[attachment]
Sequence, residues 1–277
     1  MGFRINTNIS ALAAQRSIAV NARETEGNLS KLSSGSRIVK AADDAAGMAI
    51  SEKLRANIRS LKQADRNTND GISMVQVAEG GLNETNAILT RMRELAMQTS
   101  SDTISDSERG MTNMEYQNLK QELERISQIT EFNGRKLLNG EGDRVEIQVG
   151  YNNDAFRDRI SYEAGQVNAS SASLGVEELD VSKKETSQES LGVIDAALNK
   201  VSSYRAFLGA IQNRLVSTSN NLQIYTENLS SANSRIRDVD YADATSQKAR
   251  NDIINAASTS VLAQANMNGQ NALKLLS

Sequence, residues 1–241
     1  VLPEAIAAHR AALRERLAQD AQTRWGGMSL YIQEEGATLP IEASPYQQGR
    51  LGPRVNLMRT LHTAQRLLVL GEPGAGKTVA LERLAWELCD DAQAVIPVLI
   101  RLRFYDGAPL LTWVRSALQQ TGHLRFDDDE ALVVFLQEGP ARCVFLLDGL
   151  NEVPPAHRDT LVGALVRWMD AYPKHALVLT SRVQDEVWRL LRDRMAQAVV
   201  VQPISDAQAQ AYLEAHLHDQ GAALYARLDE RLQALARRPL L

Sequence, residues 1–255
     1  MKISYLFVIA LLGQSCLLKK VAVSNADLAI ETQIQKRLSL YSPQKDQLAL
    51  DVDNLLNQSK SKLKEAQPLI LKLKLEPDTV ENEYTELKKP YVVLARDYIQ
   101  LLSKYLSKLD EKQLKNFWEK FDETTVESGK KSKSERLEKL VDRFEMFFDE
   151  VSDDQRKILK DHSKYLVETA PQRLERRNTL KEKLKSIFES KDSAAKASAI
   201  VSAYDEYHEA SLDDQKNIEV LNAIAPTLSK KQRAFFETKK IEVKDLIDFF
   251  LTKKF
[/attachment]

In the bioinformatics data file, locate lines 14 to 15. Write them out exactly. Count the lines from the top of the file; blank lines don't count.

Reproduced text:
Sequence, residues 1–255
     1  MKISYLFVIA LLGQSCLLKK VAVSNADLAI ETQIQKRLSL YSPQKDQLAL